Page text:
Israel Drazin

Obscurities in the Biblical weekly portion Va-ayra

                                                                 Exodus 6:2-9:35

The second parasha in Exodus is called Va-ayra, meaning “And I appeared.” It is the first word in the second verse of the portion. As usual, the rabbis called the Bible books and portions after the first significant word, in this instance, the ninth word in the parasha. When the five books were translated into Greek around 200 BCE, the translators gave names to the books that referred to their contents. Hence this book dealing with the Israelite exodus from Egypt is called Exodus, The parasha has God tell Moses some history of His encounter with the patriarchs Abraham, Isaac, and Jacob, gives some genealogy, again excluding women except Moses’ mother and Aaron’s wife, describes Moses still trying to avoid the divine mission to rescue the Israelites, Moses and Aaron making their request to Pharaoh and being rejected, Moses performing magic tricks before Pharaoh and his staff with no change in Pharaoh’s refusal, the beginning of ten plagues, and Pharaoh tries to compromise with Moses who refuses it. As previously, virtually all that is stated is obscure, as seen in the following examples. The Bible wants us to think.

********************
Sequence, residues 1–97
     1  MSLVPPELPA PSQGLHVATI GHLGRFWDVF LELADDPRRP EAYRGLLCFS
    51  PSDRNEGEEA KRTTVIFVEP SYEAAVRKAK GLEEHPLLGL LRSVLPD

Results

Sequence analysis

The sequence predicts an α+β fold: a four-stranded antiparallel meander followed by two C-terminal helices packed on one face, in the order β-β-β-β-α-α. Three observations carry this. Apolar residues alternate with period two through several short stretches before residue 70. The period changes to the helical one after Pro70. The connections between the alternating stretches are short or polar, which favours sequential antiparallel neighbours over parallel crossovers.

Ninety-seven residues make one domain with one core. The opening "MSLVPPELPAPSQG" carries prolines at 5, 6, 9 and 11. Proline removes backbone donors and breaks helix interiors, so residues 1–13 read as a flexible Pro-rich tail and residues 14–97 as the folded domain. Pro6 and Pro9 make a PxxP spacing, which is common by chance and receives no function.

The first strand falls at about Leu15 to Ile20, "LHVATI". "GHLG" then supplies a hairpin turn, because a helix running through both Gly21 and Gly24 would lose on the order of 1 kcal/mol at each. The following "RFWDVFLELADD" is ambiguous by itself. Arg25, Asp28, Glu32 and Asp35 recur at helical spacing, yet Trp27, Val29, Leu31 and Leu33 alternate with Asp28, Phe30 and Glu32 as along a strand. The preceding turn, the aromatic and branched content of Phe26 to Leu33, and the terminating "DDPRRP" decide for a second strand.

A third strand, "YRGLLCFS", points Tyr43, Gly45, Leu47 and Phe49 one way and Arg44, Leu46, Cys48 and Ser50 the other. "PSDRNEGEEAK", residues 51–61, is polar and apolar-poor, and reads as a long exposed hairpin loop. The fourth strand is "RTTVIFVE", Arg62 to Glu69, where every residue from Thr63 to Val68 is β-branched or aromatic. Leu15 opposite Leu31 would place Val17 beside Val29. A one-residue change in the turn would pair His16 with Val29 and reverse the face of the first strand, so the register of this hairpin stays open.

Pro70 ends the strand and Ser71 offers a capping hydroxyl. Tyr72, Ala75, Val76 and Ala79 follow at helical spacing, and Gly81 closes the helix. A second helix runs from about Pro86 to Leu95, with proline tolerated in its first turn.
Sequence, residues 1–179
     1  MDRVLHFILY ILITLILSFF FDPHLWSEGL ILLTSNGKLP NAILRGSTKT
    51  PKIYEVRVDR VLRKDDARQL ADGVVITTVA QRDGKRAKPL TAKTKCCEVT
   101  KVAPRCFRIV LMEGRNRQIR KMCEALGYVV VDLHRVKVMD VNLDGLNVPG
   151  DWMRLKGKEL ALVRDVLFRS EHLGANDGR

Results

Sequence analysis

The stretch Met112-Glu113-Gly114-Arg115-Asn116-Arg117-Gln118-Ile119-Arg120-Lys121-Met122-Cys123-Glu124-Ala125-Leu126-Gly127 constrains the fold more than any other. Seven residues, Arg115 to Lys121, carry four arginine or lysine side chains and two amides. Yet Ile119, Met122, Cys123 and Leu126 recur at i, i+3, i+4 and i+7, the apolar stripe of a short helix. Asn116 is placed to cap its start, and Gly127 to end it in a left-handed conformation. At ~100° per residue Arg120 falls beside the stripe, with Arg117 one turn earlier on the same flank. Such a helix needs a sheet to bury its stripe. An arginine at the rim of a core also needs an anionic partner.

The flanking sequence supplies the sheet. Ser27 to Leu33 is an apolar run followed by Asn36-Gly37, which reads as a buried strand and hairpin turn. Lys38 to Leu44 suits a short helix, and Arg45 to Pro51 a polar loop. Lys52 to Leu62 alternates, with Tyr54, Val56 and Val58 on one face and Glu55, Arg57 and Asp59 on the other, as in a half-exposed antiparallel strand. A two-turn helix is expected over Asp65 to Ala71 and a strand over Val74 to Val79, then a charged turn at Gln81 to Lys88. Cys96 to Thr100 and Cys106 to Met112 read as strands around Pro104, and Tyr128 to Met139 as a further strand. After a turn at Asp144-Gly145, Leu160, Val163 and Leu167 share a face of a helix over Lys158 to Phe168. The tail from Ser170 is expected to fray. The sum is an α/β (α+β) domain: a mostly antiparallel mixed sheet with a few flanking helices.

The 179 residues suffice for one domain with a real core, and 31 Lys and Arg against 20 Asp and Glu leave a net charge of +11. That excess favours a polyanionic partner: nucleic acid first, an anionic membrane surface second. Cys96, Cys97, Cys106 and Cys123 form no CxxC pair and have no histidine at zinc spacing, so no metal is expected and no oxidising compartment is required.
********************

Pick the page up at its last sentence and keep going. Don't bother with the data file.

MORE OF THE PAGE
• Why does God identify Himself as Y-h-v-h when he begins to speak to Moses in this portion? Is the commentator Rashi correct that the words “I am Y-h-v-h” imply that God punishes people who profane His name and rewards those who keep His commandments? If not, why does Rashi say this? Is God warning Moses to cease trying to avoid God’s command to return to Egypt?